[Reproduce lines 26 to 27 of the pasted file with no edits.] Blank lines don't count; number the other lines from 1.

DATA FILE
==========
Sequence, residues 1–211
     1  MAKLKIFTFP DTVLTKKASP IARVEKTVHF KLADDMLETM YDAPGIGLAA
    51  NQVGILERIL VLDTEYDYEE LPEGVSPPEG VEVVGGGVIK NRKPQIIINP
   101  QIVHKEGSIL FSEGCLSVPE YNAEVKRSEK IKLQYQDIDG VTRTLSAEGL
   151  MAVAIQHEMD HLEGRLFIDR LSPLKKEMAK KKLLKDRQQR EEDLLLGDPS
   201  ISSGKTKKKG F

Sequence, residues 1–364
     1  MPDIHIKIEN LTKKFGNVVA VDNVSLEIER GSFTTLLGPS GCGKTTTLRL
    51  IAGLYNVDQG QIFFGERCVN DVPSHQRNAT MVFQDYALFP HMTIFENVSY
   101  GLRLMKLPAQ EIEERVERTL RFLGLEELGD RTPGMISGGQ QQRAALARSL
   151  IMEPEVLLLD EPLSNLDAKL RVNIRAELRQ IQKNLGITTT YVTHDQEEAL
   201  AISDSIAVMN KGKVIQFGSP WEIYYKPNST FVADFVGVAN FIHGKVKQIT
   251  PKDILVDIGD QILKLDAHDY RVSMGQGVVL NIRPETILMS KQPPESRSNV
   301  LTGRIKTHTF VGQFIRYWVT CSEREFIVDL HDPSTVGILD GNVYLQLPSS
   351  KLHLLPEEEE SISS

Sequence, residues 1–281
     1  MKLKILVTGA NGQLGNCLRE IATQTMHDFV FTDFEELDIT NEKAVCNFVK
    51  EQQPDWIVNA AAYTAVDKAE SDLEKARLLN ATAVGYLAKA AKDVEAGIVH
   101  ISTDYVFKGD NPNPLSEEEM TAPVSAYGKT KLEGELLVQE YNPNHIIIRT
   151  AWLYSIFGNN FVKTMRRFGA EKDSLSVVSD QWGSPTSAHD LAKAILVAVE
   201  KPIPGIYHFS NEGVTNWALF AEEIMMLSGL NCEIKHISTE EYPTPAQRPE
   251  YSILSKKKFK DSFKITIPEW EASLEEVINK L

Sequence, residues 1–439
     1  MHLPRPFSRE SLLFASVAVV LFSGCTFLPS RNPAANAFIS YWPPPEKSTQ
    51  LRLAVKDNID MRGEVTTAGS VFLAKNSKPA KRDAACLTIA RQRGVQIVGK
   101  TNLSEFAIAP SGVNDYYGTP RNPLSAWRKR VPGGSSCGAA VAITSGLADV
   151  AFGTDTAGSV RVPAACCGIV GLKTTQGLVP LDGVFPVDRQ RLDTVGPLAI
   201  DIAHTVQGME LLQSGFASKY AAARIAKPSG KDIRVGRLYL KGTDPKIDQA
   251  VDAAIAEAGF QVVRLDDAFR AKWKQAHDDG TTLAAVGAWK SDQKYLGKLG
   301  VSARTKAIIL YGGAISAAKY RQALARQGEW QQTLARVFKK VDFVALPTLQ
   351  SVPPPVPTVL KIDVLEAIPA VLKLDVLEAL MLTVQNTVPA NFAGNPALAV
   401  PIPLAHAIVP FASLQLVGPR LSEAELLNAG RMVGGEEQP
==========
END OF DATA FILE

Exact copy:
   101  TNLSEFAIAP SGVNDYYGTP RNPLSAWRKR VPGGSSCGAA VAITSGLADV
   151  AFGTDTAGSV RVPAACCGIV GLKTTQGLVP LDGVFPVDRQ RLDTVGPLAI